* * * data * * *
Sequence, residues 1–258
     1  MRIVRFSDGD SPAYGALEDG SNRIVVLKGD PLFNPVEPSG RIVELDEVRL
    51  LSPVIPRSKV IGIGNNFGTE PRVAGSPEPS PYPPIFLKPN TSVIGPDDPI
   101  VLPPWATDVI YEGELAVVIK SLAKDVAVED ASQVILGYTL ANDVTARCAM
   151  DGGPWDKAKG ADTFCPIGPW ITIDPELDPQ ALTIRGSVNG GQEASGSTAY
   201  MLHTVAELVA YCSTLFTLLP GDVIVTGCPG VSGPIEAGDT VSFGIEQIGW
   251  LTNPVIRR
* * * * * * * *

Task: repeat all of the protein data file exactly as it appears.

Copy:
Sequence, residues 1–258
     1  MRIVRFSDGD SPAYGALEDG SNRIVVLKGD PLFNPVEPSG RIVELDEVRL
    51  LSPVIPRSKV IGIGNNFGTE PRVAGSPEPS PYPPIFLKPN TSVIGPDDPI
   101  VLPPWATDVI YEGELAVVIK SLAKDVAVED ASQVILGYTL ANDVTARCAM
   151  DGGPWDKAKG ADTFCPIGPW ITIDPELDPQ ALTIRGSVNG GQEASGSTAY
   201  MLHTVAELVA YCSTLFTLLP GDVIVTGCPG VSGPIEAGDT VSFGIEQIGW
   251  LTNPVIRR